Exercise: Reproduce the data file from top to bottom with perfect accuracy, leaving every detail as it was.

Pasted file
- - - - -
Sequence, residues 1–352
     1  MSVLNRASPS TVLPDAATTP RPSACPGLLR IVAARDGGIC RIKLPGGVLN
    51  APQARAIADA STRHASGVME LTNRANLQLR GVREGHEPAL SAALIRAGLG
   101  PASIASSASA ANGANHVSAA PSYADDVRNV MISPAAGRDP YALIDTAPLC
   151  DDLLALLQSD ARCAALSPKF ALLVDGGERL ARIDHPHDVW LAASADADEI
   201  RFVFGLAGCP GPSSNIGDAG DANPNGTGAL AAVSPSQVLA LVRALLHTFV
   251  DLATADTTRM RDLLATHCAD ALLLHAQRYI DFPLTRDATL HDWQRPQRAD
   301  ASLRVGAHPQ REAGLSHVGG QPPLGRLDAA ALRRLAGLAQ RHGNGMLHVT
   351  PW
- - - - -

Sequence, residues 1–352
     1  MSVLNRASPS TVLPDAATTP RPSACPGLLR IVAARDGGIC RIKLPGGVLN
    51  APQARAIADA STRHASGVME LTNRANLQLR GVREGHEPAL SAALIRAGLG
   101  PASIASSASA ANGANHVSAA PSYADDVRNV MISPAAGRDP YALIDTAPLC
   151  DDLLALLQSD ARCAALSPKF ALLVDGGERL ARIDHPHDVW LAASADADEI
   201  RFVFGLAGCP GPSSNIGDAG DANPNGTGAL AAVSPSQVLA LVRALLHTFV
   251  DLATADTTRM RDLLATHCAD ALLLHAQRYI DFPLTRDATL HDWQRPQRAD
   301  ASLRVGAHPQ REAGLSHVGG QPPLGRLDAA ALRRLAGLAQ RHGNGMLHVT
   351  PW